CHIBA -- Three men were arrested for allegedly smuggling 100 million yen worth of gold weighing about 22 kilograms from Hong Kong into Japan via Narita International Airport and failing to pay consumption tax totaling 8.15 million yen, the Chiba Prefectural Police announced on Sept. 27.
Police believe that the suspects ran a gold smuggling ring and used multiple "couriers" to repeatedly bring gold into Japan illegally.
According to the Chiba police, the suspects are Kohei Hatsuta, 45, a part-time worker in the city of Misato north of Tokyo; Mikio Ito, 48, a company director in the capital's Suginami Ward; and Satoshi Katsuchi, 36, a part-time worker in the city of Chiba's Chuo Ward, east of Tokyo.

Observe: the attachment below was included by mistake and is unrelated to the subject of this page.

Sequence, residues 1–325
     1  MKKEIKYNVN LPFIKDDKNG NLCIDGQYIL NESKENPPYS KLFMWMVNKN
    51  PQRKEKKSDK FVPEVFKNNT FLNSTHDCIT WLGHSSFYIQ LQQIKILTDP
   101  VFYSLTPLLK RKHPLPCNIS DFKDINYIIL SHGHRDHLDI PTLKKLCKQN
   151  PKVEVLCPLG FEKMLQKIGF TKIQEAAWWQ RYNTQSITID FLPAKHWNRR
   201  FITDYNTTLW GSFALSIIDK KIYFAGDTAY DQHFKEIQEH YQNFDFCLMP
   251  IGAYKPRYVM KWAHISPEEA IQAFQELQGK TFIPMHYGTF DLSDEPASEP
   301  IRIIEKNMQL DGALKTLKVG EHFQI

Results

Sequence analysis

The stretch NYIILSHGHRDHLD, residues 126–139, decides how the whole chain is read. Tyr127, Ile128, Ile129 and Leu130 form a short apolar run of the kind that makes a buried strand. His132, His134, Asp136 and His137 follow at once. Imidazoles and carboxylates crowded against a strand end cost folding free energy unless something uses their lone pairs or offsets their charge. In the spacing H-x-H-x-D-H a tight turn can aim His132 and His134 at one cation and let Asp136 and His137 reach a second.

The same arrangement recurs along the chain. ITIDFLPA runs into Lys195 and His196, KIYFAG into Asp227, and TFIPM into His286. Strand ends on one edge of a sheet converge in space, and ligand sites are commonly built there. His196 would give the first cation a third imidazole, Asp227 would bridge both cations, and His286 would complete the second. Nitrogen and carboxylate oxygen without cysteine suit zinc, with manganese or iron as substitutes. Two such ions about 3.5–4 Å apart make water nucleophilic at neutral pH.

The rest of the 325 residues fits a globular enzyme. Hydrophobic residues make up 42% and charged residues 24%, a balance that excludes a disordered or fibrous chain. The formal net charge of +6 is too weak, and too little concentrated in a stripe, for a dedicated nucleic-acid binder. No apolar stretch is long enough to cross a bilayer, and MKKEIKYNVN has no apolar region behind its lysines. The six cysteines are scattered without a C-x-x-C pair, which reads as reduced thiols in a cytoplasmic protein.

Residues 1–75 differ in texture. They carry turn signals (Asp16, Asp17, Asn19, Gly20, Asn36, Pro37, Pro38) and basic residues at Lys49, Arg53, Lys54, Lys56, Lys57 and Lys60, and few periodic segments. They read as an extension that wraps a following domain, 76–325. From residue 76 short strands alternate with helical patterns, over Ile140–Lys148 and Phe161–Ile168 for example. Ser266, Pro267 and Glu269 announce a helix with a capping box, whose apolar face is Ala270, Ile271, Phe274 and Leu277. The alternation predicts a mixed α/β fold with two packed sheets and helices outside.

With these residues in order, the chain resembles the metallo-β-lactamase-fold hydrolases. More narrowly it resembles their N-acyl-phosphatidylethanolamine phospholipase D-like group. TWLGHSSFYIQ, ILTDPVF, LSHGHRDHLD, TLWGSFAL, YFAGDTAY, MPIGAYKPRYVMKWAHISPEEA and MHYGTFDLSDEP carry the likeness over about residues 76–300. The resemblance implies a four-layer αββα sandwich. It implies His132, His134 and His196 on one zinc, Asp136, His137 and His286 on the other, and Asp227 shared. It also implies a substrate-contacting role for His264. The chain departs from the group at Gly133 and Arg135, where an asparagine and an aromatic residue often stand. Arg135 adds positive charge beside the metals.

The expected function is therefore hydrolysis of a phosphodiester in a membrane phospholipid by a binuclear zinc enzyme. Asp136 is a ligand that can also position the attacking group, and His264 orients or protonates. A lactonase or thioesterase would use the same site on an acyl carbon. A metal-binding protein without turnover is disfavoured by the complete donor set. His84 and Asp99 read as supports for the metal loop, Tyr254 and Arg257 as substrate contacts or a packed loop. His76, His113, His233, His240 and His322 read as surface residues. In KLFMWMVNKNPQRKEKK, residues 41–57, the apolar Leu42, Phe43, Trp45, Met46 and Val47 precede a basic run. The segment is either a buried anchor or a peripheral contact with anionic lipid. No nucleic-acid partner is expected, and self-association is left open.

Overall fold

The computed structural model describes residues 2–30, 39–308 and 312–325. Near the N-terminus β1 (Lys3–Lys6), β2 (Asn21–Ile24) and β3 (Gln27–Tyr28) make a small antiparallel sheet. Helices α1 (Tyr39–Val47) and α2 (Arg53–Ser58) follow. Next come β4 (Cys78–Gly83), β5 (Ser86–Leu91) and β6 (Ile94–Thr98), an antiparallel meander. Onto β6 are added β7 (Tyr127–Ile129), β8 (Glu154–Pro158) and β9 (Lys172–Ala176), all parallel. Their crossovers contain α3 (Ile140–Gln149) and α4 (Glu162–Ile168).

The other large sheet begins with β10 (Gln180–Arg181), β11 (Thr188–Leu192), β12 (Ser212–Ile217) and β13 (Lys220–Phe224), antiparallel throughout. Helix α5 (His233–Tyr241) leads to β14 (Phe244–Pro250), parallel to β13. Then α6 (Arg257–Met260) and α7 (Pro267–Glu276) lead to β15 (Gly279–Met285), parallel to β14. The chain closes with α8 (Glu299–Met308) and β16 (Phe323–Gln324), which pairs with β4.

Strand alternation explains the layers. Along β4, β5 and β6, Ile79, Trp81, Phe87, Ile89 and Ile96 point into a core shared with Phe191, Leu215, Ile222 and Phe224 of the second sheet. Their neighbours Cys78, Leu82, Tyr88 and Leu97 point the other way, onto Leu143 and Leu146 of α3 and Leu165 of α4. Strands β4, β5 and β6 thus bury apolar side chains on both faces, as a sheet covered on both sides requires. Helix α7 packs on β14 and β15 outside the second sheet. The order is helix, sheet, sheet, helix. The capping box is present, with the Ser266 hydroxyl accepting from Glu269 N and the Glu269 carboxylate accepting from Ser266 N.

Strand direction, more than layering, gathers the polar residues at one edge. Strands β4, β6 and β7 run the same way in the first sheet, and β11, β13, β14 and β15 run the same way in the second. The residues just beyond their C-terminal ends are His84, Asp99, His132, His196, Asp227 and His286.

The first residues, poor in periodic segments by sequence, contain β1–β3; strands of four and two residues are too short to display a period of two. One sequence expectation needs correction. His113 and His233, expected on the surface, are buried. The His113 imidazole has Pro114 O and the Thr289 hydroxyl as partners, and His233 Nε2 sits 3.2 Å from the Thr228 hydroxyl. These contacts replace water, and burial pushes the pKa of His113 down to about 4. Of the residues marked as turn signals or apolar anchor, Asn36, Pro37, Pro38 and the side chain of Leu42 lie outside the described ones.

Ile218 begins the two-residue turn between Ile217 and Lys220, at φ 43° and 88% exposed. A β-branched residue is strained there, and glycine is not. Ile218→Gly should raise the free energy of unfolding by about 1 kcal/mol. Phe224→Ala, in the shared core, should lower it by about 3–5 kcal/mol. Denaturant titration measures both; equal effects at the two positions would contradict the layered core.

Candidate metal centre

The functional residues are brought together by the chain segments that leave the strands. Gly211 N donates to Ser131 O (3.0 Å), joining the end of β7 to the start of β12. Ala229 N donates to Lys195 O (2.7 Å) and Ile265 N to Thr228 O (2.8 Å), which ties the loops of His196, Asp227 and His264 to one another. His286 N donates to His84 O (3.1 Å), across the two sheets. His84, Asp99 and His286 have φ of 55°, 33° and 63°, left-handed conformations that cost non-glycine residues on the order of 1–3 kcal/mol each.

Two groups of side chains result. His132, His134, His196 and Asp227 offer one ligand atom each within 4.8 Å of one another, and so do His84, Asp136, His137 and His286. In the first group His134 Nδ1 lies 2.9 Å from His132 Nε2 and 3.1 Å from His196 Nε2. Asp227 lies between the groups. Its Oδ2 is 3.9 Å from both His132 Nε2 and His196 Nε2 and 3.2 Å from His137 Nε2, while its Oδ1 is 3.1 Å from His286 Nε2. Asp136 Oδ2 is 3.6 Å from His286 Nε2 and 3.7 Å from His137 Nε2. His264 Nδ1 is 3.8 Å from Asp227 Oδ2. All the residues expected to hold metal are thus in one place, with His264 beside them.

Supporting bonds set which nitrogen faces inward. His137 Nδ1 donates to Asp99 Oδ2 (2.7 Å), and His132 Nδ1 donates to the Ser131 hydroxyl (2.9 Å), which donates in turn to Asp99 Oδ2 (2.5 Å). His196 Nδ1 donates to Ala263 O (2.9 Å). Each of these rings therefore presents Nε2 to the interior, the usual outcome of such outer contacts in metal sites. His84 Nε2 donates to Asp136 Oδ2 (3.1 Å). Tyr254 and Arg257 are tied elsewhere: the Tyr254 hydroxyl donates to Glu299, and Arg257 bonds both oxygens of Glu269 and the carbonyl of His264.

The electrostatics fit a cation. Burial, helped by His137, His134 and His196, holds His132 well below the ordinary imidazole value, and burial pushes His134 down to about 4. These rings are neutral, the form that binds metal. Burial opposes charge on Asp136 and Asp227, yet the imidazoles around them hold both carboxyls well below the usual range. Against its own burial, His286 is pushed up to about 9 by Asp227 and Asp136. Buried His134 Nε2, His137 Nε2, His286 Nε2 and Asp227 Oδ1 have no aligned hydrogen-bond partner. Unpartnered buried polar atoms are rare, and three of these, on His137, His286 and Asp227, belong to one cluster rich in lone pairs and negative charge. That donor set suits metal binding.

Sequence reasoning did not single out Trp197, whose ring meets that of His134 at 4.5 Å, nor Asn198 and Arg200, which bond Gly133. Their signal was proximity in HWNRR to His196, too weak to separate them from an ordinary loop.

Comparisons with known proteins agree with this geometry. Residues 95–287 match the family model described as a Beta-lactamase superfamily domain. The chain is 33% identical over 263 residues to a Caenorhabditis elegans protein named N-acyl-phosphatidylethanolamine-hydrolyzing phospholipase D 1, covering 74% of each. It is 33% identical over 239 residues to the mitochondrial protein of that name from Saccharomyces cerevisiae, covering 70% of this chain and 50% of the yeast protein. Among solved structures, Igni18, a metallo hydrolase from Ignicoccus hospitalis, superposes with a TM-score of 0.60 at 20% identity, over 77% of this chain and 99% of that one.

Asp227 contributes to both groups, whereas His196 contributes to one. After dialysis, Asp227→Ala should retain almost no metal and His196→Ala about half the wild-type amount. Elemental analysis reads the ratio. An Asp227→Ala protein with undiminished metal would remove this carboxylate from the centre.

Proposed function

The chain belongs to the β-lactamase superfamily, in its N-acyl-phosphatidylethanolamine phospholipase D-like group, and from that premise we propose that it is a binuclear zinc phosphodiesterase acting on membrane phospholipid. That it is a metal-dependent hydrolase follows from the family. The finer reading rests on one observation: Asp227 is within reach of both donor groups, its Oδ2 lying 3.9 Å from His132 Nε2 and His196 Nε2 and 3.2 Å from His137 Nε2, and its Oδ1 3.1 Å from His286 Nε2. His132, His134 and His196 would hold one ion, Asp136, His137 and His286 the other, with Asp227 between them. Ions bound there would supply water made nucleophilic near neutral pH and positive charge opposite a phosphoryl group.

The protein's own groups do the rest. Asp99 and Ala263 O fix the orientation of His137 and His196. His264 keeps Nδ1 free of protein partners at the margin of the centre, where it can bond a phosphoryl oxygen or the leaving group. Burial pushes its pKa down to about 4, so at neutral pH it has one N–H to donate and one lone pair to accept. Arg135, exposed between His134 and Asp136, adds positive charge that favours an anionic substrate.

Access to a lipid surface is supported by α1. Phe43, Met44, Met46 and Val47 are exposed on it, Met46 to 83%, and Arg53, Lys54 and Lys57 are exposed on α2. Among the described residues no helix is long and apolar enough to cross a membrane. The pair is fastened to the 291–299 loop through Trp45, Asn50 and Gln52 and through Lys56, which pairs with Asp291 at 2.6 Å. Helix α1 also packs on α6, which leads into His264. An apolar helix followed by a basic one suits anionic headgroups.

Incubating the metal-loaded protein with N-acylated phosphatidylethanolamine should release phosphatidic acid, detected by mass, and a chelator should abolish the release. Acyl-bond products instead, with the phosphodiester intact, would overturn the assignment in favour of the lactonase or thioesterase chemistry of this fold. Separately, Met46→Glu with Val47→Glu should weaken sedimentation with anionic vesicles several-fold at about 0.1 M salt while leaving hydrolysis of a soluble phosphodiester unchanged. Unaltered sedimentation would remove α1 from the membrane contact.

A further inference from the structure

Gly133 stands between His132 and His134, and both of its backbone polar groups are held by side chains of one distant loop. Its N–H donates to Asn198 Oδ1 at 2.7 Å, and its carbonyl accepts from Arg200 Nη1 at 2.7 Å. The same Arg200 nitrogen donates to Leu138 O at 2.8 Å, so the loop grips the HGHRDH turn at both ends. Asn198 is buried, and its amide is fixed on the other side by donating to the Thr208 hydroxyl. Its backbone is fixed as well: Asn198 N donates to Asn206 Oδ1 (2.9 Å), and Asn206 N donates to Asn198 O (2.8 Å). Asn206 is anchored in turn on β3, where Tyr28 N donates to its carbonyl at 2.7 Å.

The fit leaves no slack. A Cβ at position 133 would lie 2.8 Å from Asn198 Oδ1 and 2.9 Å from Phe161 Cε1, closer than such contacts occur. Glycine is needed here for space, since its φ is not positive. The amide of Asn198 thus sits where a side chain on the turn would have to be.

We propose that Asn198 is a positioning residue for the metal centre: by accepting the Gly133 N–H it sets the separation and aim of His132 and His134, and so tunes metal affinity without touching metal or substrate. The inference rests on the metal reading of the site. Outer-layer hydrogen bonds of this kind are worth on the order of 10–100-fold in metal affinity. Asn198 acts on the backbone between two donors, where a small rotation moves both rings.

The three men allegedly had more than 10 transporters smuggle gold bullion without declaring it at customs from June 29 through July 9, pocketing the 8.15 million yen they would have had to pay in tax as profit -- a violation of the Customs Act and Consumption Tax Act.
Police say Hatsuta and the others had the couriers hide the gold in their underwear. Investigators are questioning the couriers on a voluntary basis.
Under the Consumption Tax Act, a gold importer must declare it at customs and pay consumption tax based on the purchase price. If gold is bought in a region or country without a consumption tax and sold in Japan without a customs declaration, the value of the consumption tax avoided becomes profit. This modus operandi has been on the rise since around 2014, when the consumption tax was raised to 8 percent from 5 percent in Japan. Hong Kong does not have a consumption tax.
(Japanese original by Shohei Kato and Buntaro Saito, Chiba Bureau)